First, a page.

The 11-year war in Afghanistan persists, but though it was hardly mentioned during the last election, the soldiers are thankful that it is scheduled to be over by the end of 2014. Thursday in Kabul, Afghanistan, 2,500 diners set down at a red-white-and-blue themed hall, with tables holding brochures about how “Learn about combat stress,” alongside all the food.
Roast turkey flavored the air, as well as sliced turkey, ham, rib-eye steaks, hunks of beef, corn, dressing, mashed potatoes and gravy, and an assortment of pies.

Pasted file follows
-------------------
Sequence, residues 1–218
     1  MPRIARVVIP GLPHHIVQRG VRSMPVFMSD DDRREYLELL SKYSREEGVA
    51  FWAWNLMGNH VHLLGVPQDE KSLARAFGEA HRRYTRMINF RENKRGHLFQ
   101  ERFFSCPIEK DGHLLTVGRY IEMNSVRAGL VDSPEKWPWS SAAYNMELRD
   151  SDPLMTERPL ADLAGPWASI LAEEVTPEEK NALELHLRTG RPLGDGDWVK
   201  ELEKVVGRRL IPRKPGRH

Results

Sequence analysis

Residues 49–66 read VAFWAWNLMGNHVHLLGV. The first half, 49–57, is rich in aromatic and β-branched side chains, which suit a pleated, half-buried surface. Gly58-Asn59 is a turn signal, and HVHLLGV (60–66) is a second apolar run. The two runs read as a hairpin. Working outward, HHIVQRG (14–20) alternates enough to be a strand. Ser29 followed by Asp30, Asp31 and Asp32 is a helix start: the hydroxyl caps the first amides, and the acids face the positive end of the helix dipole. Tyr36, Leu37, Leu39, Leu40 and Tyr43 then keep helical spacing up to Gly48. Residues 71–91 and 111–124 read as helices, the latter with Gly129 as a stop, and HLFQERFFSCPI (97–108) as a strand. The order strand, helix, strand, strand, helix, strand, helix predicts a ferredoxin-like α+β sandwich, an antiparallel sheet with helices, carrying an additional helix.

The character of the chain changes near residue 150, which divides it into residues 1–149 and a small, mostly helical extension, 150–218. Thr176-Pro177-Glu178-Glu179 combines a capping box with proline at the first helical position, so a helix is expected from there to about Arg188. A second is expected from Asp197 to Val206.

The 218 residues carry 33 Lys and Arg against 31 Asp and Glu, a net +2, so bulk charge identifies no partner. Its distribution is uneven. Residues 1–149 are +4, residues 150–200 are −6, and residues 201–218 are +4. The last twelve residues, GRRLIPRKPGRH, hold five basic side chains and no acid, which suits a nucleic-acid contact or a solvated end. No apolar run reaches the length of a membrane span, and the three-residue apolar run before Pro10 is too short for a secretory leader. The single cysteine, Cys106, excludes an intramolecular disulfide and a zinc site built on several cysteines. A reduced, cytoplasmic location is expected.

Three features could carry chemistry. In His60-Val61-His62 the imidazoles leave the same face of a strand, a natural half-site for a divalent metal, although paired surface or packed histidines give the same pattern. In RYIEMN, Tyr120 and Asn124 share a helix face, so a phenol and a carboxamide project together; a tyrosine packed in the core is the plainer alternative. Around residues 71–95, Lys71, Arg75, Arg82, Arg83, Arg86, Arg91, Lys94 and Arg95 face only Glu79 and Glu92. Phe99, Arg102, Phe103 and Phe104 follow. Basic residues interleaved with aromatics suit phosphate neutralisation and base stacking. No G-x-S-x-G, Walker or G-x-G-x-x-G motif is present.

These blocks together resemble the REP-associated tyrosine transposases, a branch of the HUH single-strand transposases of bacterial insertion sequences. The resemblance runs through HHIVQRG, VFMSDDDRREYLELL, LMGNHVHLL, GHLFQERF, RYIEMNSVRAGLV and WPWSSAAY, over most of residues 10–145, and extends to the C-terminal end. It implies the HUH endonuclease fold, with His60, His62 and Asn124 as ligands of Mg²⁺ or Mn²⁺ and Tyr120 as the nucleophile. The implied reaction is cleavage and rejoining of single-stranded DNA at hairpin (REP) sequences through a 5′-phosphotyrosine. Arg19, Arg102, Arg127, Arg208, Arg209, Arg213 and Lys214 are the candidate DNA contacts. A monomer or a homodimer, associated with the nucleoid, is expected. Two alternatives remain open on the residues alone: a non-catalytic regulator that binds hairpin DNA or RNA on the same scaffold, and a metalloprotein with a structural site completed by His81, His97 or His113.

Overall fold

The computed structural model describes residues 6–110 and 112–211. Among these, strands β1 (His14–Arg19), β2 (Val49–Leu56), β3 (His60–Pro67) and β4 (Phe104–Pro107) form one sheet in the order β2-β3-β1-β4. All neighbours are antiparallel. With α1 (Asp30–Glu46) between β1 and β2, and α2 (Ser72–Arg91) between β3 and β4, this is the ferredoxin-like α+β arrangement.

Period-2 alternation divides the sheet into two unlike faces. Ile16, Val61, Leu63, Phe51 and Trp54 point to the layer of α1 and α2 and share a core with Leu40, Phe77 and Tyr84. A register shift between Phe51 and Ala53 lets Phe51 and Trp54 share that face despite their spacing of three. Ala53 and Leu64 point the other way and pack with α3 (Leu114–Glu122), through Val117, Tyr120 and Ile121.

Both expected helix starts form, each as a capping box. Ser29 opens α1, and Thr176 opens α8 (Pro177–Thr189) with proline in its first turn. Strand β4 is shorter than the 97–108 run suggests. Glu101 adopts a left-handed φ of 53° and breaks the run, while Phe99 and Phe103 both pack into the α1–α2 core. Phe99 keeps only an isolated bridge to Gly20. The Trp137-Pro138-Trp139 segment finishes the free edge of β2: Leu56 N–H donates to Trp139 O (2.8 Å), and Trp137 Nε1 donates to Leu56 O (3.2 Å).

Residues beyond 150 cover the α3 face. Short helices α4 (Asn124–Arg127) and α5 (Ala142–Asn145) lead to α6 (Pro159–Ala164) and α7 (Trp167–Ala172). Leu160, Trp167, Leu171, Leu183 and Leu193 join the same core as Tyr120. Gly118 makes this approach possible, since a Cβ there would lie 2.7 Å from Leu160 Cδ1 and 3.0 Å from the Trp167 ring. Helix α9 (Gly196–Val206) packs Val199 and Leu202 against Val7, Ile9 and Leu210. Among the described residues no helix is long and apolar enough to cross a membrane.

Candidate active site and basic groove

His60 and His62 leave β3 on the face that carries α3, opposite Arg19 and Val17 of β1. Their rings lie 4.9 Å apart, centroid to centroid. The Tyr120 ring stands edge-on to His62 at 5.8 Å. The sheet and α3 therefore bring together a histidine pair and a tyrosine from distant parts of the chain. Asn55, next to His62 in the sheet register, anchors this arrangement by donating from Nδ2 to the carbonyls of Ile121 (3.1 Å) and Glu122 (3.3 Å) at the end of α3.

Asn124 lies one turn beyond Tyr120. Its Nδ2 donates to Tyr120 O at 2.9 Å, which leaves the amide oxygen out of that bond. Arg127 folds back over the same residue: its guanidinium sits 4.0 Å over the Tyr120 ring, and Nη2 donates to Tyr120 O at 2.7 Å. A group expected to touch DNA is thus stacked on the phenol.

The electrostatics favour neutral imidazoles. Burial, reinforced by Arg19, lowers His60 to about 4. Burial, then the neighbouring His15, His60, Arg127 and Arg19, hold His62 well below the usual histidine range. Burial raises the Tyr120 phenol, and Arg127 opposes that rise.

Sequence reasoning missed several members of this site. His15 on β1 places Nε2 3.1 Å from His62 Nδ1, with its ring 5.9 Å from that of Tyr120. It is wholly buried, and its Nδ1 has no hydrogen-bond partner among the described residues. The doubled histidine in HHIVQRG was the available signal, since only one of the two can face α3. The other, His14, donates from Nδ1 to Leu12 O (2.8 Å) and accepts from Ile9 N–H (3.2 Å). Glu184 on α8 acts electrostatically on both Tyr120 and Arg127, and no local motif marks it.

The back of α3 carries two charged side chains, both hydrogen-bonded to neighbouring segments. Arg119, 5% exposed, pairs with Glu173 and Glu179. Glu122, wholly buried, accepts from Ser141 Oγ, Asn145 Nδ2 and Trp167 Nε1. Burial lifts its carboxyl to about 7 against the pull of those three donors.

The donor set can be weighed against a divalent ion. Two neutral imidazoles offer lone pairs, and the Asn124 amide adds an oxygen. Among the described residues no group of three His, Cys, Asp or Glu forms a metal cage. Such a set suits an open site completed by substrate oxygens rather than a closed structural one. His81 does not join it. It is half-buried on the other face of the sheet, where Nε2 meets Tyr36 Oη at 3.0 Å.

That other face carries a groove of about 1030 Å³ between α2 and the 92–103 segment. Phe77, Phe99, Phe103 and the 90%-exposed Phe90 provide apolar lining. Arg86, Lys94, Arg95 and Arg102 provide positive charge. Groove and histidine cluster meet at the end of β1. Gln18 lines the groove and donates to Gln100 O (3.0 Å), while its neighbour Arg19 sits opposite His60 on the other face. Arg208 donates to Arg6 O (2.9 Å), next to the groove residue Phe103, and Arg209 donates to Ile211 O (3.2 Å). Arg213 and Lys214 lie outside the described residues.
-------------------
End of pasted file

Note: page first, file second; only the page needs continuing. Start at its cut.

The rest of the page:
The troops played a game that combined football, soccer, and rugby, to fit the short playing field nearby.
They talked about family, they talked about the war. Army Maj. Rodney Gehrett expressed his surprise that they were hardly mentioned at the U.S. presidential election.
“The war in Afghanistan wasn’t even brought up as a topic of conversation,” he said, as reported by the Associated Press. “It was a little surprising to me. Hopefully, that will change and people will realize that we still have troops here and they are fighting everyday.”
Army Sgt Adam Draughn wanted to clear up a mistake some American s make about the Afghan people. “Honestly, I think the biggest misconception in my opinion is that, you know, we actually are loved here. The nationals do care about us. They do want us here to help them. We’re not here uninvited.”